In the hit Disney movie ‘Frozen’, Olaf is a snowman who lives in a world of cold but dreams of experiencing the heat of the summer. The shipping markets have been, in the main, fairly icy in the years since the economic downturn, but during that time shipping market investors have intermittently dreamt of sunnier times and turned up the heat, so how ‘frozen’ up has the shipping market really been?

Taking The Temperature

Like the eternal winter in the film, the shipping markets have been fairly iced up in recent years. The ClarkSea Index has traditionally been a good way of taking the temperature of industry earnings, measuring the performance of the key market sectors. Since Q4 2008 it has averaged $11,933/day, compared to $23,663/day in the period from the start of 2000 to the end of Q3 2008. However, earnings aren’t the only ‘hot thing’ in shipping. Investment in ships can blow hot and cold, and funds invested in newbuild and secondhand tonnage give an idea of the ‘heat’ generated by investors. To take this into account, the analysis here has created the ‘Shipping Heat Index’, which reflects not only vessel earnings but also the level of investment activity.

Generating Some Heat

The graph shows quarterly ‘Earnings’ and ‘Heat’ indices together, and illustrates a number of points. Firstly it shows that in the post-recession period (relative to the average before the downturn) the ‘Shipping Heat Index’ has stood at a higher level (an average 63% of pre-recession ‘heat’) than the ‘Earnings Index’ (an average of 50% of pre-recession levels). Whatever the state of the markets, shipping investors have dreamt of greater warmth and invested in capacity, often attracted by counter-cyclical opportunities at historically low prices, or the perceived benefits of new ‘eco’ tonnage.

Twin Peaks

Secondly, it is clear that the ‘Shipping Heat Index’ has had two discernable peak periods in the post-recession era. In 2010 and early 2011 it stood well above the ‘Earnings Index’, peaking at 95 in Q1 2010 compared to the latter’s 67. It did the same in 2013 and 1H 2014, peaking at 89 in Q4 2013 (compared to 56). In these periods investment in capacity surged, with investors generating heat even if earnings looked a bit more frosty.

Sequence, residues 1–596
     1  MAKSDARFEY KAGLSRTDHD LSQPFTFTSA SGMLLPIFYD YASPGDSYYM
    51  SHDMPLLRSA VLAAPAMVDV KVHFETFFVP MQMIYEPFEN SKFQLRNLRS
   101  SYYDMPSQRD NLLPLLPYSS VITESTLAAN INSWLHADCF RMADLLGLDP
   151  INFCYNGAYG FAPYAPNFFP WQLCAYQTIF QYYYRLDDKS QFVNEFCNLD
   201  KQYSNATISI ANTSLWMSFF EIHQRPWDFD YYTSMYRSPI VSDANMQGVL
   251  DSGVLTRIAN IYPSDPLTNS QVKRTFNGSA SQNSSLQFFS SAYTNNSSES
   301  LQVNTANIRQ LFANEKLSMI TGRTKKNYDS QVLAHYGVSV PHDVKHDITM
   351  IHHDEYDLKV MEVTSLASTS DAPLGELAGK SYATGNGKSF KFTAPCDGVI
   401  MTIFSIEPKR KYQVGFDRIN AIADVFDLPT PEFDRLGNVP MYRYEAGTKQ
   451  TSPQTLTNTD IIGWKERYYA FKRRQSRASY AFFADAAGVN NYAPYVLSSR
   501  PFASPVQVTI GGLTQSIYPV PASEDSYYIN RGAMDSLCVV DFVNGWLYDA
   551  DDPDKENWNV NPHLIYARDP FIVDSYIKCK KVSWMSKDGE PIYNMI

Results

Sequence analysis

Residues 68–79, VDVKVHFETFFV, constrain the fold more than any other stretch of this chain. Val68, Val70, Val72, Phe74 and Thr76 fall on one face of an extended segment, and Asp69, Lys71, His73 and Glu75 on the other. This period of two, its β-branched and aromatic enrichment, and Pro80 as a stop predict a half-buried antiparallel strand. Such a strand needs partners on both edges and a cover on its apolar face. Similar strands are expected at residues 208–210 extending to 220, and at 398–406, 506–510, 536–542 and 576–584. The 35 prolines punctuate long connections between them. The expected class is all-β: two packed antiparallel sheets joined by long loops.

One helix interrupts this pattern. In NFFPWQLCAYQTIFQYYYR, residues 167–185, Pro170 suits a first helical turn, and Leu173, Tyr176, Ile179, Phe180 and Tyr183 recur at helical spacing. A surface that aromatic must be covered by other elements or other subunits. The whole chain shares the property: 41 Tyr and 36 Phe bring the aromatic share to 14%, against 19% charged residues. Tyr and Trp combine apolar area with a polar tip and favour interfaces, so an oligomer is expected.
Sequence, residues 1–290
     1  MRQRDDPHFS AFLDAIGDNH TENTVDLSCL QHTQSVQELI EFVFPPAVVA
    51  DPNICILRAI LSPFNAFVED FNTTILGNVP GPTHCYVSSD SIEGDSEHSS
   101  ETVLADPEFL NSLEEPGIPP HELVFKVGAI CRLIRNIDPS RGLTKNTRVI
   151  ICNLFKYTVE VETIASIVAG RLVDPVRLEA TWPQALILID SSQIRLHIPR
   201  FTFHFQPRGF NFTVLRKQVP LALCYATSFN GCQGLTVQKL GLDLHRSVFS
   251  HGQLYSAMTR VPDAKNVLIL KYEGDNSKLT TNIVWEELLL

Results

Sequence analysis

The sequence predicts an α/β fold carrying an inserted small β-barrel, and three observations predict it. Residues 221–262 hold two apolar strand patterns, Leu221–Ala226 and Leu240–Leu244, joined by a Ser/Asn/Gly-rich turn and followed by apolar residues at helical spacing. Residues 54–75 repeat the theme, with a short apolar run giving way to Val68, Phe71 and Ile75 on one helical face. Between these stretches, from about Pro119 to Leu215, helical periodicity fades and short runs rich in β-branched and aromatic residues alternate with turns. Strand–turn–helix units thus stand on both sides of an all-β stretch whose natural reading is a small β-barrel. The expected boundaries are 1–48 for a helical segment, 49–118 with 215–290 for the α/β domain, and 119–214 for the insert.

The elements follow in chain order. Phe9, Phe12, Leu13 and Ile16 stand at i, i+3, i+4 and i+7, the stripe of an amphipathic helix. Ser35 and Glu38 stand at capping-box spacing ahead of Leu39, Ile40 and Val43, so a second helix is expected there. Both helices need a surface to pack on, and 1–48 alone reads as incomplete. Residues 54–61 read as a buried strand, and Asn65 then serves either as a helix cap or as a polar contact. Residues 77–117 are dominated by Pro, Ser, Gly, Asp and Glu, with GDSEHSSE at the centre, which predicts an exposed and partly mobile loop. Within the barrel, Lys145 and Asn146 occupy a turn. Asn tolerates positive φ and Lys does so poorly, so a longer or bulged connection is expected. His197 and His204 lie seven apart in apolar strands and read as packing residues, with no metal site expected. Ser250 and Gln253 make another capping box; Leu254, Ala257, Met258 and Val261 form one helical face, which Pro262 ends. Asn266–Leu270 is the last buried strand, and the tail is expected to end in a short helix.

Freezing Up

Thirdly, in Q4 2014 the relative position of the two indices has switched for the first time since Q4 2008. The Q4 value of the ‘Shipping Heat Index’ stood at 53 with the ‘Earnings Index’ at 59. The ClarkSea Index topped $16,000/day in November, with tanker earnings surging and gas carriers still performing strongly. Meanwhile, the investment scene has frozen up a little, with newbuild ordering now a lot slower than in 2013 and early 2014.

Don’t Melt!

So, even when shipping markets appear ‘frozen’, investors can still generate ‘heat’, and even in icy conditions snowmen dream of summer. With earnings rising, dreamers might be tempted again next year. The only danger is that too much heat can lead to a spot of melting if you’re not careful! Merry Christmas.

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In the outrageously camp film The Spy Who Shagged Me, made in 1999, super-spy Austin Powers battles with the forces of darkness in the form of Dr Evil. The doctor’s most outrageous tactic is to invent a new Time Machine which allows him to travel back to the 1960s where he steals Austin’s Mojo, leaving the unlikely sex symbol spy totally “shagless”. “Crikey!”, he expostulates, “I’ve lost my Mojo”.

Big Boy Boost

Over the years, investors in the VLCC market have shared an equally debilitating experience. The first of these miracles of modern shipping appeared in 1967. Over 1,000 feet long and carrying 2 million barrels of oil, they were the last word in efficiency, delivering Middle East oil to Europe and Japan, who were rebuilding their economies, for less than $1 a barrel. As US domestic oil production fell in the early 1970s it boosted imports even more, and to meet this demand Saudi Arabia increased output from 2.8m bpd in 1967 to 9.7m bpd in 1977. The VLCC market went mad. Investors queued to order 4 million barrel ships and the VLCC fleet grew faster than any other shipping fleet in history, from zero in 1967 to 193m dwt in December 1979.